It is a wonder we fly at all. What with all the security measures now in place, metal detectors and other type of screening devices, the long lines at counters, surly airline agents and flight attendants who are more worried about their disappearing pension plans than your comfort, no locks on your bags and theft being up…Why do we do it?
We love adventure; it is a status symbol; because my company makes me do it; Daisy’s wedding and Aunt Bertha’s funeral; the job interview that may put me on the road to success…and the list goes on.
You would think that airport design should facilitate travel, that architects would help put color on our white knuckles, delight our senses while we wait in line, amuse us while we listen to the monotone orders of the security personnel. Think again.
Who designs airports? Some are designed by iconic architects. Such is the case of Dulles airport in northern Virginia, and the TWA terminal at Kennedy International in New York, both designed by Eero Saarinen. In both instances the aesthetic appeal is undeniable as seen through these amateur eyes. In the case of the older TWA terminal, it literally seems to be ready for take off, even if it is concrete. At Dulles, concrete and glass achieve an imposing play of convexity and concavity. Yet for all the futuristic splendor both structures displayed, they don’t work for the ordinary passenger – you and me.
So, should architects be soothsayers? Not exactly, but perhaps just practical enough to make their creations work for at least a few decades. Isn’t it a normal assumption in the case of buildings, that they will survive their creator? Dulles was never an easy airport to travel from and today the original building is no more than a fancy reception lobby which leads to all the ill-functioning services there provided, from remote departure gates still serviced by the awkwardly inefficient and slow “growing and shrinking buses” down to the shameful, autocratic monopoly that provides “public transportation” to and from the spot.
I really didn’t even want to mention Kennedy, except to say that Saarinen’s beautiful design is all that is left of its promise of future expedience. I have often wondered if I would have ever made it out of that airport, if not for my knowledge of “New Yorkese.” Foreign travelers are most definitely not welcome in it and, “T’ain’t my job” is the only answer some of them get.
Let’s leave Saarinen airports and go to any other large international American airport. Are you happy with any? Happy may be too ambitious a word. How about a newer airport, Denver for instance? Did they ever settle all the lawsuits and corruption scandals? Kind of nice looking, but really those corridors are still too long to walk and the luggage problems though corrected still leave much to be desired. The design was taken over from a purported “Perez Architects” by “Fentress, Bradburn Architects” (maybe the luggage system was the previous groups’ design). The list goes on…
So does any airport work? I think I found one that makes traveling a less frightening and stressful experience. My pick, Orlando or MCO (in airline speak). Do I hear some snickers? Well, it works. Listen, it was built by human beings and all the dreaded steps we must go through are still present, but somehow more manageably.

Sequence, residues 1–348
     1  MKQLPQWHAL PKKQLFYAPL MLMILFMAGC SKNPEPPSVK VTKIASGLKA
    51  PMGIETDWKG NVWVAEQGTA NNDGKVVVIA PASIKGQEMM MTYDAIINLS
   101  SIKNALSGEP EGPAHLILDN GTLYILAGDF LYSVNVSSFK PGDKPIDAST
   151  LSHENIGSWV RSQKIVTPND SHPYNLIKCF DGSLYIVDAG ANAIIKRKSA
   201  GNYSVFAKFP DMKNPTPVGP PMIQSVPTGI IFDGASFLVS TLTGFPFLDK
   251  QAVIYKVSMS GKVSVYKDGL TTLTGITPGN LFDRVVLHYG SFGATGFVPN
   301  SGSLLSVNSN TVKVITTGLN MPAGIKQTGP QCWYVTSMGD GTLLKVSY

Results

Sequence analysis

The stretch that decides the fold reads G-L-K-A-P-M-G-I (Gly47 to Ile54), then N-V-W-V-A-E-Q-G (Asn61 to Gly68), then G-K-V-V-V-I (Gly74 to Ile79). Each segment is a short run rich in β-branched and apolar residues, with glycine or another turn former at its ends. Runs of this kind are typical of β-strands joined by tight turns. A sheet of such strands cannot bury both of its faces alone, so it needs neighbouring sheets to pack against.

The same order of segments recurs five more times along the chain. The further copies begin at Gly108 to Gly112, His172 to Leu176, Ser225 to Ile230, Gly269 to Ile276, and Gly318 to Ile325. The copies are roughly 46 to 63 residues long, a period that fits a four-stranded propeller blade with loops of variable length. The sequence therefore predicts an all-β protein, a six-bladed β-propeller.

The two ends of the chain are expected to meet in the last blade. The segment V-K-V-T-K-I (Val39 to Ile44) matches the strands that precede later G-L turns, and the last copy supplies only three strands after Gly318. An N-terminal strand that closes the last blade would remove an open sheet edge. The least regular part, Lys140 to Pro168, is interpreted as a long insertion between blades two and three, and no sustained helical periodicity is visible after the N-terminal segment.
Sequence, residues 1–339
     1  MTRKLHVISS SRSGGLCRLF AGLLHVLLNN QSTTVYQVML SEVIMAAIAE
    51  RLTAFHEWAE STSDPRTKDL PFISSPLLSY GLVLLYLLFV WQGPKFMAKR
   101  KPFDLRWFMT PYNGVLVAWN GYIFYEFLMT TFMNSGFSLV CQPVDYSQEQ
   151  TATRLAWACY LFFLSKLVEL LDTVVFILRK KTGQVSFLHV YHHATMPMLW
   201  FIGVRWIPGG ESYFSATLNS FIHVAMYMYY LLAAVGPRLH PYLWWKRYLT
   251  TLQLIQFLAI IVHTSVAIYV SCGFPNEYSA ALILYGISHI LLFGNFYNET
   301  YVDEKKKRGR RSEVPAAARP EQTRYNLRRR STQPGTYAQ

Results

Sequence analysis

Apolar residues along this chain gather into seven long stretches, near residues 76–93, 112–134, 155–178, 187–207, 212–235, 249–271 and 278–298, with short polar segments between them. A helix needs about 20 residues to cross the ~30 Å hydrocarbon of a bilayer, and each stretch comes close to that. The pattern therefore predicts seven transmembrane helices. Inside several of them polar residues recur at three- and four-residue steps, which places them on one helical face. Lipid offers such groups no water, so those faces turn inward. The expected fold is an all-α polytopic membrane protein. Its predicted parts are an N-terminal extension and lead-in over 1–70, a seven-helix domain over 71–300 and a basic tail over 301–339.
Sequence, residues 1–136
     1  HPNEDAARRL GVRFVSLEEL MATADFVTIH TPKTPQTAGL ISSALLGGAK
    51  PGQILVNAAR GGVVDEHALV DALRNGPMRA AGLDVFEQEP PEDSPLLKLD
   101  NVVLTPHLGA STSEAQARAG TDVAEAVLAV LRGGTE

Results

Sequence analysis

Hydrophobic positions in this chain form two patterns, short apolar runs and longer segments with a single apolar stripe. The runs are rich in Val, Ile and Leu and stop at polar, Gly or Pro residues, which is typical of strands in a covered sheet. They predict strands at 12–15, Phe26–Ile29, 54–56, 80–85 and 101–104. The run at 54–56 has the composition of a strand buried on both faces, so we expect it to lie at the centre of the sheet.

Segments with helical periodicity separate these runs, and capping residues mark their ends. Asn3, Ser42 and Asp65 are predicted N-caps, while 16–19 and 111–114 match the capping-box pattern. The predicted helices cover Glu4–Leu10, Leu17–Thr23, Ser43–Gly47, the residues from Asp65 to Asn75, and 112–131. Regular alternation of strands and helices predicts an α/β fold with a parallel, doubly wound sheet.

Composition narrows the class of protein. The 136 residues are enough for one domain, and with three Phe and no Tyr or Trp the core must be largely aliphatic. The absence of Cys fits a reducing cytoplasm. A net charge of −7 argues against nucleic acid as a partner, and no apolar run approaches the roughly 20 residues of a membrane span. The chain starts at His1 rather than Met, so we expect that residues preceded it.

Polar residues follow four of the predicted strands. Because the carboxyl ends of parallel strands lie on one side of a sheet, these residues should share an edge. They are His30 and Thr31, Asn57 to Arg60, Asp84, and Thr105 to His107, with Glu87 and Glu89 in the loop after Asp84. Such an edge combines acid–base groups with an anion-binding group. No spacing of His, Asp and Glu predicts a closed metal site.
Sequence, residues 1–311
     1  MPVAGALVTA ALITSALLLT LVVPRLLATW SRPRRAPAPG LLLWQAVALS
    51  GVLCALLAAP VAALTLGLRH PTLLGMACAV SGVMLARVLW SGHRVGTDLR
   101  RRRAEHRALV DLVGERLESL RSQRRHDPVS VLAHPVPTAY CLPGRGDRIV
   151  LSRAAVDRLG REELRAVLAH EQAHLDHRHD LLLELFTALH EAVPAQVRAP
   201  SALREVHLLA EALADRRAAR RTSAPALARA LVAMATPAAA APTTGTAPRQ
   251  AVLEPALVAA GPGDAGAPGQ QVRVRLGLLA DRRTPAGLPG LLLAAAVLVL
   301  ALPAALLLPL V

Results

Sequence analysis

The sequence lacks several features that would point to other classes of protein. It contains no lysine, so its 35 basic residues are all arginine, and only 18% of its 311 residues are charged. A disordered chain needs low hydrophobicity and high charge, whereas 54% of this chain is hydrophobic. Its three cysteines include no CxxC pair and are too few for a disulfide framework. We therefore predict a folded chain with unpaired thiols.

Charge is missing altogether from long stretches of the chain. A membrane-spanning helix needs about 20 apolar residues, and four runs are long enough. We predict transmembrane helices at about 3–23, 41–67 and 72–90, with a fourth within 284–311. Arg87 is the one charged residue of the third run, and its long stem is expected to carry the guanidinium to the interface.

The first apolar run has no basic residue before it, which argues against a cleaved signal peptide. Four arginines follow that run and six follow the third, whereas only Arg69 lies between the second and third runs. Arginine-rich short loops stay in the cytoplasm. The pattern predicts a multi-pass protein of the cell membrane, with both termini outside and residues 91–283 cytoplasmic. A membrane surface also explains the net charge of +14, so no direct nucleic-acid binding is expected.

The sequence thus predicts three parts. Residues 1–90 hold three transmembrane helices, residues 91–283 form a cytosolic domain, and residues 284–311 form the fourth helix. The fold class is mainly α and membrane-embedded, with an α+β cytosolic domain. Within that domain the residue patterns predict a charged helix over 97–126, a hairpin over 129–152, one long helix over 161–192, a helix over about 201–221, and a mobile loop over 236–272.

To begin with, wherever you approach it from the signs are clear. What sides of the main building to park in, return your car or be dropped off at are posted well in advance according to the airline you are flying. Then, the building is clean and aesthetically pleasing. Each stage of the airport experience or checkpoint is clearly established and separate from the following. Yes there are lines, but the employees and attendants seem more amenable than elsewhere, perhaps Disney screens them all. Even leaky ceilings, left by “Charley” as souvenirs, didn’t dampen some of the security personnel smiles, but instead prompted calls for: “Another bucket” and “Sorry ma’am, we are still not in full swing yet.” So, yes, we can forgive some of the Mickey Mouse décor and really, it isn’t as kitschy as you’d imagine. The trains transporting you to and from gates are attractive and fast. Tunnel-like hallways are never too long and the longer ones are well equipped with moving walkways. There are stores and restaurants at every new phase of the obligatory experience. I’d sum up the reason for its functional success as knowing where to break down the steps of the process into bite-size chunks, rather than always giving you a break before the next long line or invasion of privacy. This has been achieved mostly through architecture. The structure itself breaks up the ordeal into manageable portions and each new space you enter is a pleasant and non-alienating environment. This is one instance where perhaps using different design firms for different aspects of such a large project, is a better idea than one great architect. Such was and continues to be, the case in Orlando.
Hey, I like futuristic hallways with neon colored lights, just don’t make me feel as though I’ll never come out of them!
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